Check out Juno’s close encounter with Jupiter

Juno's view of Jupiter

Jupiter’s north polar region is coming into view as NASA’s Juno spacecraft approaches the planet. This view was captured on Aug. 27 from a distance of 437,000 miles (Credit: NASA / JPL-Caltech / SwRI / MSSS / Ted Stryk).

NASA’s Juno spacecraft made its closest scheduled swing over the cloud tops of the giant planet Jupiter today – and sent back pictures.

The solar-powered probe zoomed about 2,600 miles above the clouds at a speed of 130,000 mph, at 6:44 a.m. PT, NASA said. It was the first close encounter since Juno entered Jovian orbit on July 4, 53 days ago.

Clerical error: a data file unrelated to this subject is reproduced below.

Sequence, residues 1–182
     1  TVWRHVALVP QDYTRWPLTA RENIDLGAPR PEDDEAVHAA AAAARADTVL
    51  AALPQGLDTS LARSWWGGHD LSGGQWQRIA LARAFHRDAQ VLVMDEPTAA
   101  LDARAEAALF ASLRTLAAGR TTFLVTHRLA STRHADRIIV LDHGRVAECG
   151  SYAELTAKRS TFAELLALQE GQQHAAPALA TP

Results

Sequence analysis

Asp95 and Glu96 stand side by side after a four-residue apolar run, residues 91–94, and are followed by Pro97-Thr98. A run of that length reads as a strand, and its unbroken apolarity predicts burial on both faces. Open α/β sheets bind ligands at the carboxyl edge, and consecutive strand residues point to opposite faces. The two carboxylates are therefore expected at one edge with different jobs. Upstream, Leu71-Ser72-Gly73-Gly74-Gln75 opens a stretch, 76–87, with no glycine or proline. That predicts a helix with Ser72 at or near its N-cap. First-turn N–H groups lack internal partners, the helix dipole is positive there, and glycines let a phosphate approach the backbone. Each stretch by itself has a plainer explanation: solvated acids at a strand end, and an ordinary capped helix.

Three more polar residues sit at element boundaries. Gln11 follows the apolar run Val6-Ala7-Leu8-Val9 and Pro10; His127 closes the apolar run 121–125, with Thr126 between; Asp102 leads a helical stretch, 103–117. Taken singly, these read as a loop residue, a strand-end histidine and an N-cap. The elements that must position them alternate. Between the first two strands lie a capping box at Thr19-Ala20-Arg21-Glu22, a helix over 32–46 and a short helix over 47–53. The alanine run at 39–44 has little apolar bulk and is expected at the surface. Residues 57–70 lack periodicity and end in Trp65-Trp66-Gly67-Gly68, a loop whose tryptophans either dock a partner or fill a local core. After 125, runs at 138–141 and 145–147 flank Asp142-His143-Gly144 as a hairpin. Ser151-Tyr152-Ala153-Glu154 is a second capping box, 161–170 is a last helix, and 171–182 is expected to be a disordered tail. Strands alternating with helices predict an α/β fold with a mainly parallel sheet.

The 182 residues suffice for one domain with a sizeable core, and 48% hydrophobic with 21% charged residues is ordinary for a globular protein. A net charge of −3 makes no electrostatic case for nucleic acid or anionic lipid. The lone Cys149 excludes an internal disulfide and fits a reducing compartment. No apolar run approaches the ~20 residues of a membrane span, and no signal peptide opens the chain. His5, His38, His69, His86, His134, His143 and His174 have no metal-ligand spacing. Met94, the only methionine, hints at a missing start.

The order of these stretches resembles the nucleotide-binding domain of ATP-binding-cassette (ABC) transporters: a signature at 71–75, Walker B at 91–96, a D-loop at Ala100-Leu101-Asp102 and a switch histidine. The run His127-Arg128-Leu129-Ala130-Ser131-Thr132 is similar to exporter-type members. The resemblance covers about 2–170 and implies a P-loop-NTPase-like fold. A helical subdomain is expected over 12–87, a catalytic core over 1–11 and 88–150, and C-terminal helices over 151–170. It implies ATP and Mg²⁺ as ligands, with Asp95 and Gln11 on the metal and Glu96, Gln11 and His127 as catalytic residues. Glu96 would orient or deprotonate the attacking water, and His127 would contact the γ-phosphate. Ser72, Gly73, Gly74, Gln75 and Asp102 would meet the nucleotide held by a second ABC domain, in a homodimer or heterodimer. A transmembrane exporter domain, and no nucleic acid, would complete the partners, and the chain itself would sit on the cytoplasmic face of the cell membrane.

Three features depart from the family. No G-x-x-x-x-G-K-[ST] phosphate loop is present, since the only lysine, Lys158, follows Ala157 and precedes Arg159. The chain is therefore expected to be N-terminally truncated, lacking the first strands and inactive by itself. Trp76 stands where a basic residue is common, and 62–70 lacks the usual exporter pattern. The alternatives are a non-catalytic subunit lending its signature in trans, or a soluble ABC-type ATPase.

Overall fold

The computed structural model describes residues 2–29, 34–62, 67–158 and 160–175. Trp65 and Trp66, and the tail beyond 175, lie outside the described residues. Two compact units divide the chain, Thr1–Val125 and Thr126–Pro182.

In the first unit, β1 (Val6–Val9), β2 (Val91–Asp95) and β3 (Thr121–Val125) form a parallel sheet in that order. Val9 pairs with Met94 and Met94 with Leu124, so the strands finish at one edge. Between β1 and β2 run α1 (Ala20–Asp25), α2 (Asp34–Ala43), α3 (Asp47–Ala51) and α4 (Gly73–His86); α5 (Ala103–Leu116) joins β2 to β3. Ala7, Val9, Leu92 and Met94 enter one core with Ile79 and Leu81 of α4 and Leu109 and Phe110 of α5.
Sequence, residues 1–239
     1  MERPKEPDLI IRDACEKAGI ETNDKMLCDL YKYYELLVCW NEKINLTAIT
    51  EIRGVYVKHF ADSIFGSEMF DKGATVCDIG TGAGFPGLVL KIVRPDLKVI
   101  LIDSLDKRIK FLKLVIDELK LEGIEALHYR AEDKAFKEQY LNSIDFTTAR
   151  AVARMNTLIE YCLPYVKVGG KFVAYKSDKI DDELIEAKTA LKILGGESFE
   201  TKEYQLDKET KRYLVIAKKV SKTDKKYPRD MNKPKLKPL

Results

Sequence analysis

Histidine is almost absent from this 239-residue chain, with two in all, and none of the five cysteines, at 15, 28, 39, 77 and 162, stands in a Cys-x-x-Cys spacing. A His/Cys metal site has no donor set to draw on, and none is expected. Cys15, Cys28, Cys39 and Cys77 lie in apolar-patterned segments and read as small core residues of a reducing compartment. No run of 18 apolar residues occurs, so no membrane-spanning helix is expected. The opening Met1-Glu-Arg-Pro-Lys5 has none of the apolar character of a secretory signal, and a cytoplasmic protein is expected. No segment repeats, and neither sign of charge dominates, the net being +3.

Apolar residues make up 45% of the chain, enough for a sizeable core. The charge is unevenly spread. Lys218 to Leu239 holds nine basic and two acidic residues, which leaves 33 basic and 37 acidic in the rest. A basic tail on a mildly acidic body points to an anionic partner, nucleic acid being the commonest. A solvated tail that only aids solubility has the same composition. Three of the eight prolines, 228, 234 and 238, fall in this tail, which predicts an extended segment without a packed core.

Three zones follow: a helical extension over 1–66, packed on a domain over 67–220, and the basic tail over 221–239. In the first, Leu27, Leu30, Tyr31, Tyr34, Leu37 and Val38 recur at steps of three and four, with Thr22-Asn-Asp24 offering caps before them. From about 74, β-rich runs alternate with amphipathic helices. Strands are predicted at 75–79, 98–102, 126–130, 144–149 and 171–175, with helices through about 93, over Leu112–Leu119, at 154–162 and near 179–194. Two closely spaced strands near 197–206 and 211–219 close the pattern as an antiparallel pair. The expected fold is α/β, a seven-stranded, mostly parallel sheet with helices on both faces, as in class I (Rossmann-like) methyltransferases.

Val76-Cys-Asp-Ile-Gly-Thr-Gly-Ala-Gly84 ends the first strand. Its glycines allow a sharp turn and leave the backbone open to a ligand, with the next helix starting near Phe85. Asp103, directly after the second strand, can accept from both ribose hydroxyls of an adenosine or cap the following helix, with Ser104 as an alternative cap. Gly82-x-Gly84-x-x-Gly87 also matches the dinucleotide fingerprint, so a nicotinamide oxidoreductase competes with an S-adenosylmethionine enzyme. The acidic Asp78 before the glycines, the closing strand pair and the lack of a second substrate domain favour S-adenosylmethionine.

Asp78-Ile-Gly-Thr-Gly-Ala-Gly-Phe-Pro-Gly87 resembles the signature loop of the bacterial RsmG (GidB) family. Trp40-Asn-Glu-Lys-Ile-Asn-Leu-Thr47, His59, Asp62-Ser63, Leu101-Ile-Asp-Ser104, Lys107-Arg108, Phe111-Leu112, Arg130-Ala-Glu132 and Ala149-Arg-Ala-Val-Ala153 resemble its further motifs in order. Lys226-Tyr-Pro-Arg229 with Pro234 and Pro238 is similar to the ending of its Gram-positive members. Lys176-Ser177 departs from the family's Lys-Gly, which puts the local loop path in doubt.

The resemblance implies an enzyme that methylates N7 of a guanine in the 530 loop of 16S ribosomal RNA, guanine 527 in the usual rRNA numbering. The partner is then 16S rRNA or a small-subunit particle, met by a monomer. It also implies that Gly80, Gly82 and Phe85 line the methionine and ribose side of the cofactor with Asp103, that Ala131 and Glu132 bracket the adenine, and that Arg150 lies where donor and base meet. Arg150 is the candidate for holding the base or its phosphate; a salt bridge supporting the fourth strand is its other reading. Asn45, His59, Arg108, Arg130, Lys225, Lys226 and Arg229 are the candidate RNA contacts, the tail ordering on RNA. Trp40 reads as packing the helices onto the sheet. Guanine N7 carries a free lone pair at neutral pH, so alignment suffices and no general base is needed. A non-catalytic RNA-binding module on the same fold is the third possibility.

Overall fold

“Early post-flyby telemetry indicates that everything worked as planned, and Juno is firing on all cylinders,” Rick Nybakken, Juno project manager at NASA’s Jet Propulsion Laboratory, said in a status update.

Juno had all of its science instruments turned on, plus its JunoCam visible-light imager. Hours after the encounter, NASA released a picture of Jupiter that was snapped during today’s approach from a distance of 437,000 miles. Even closer views are on the way.

Get the full story on GeekWire.

About Alan Boyle

Award-winning science writer, creator of Cosmic Log, author of "The Case for Pluto: How a Little Planet Made a Big Difference," president of the Council for the Advancement of Science Writing. Check out "About Alan Boyle" for more fun facts.
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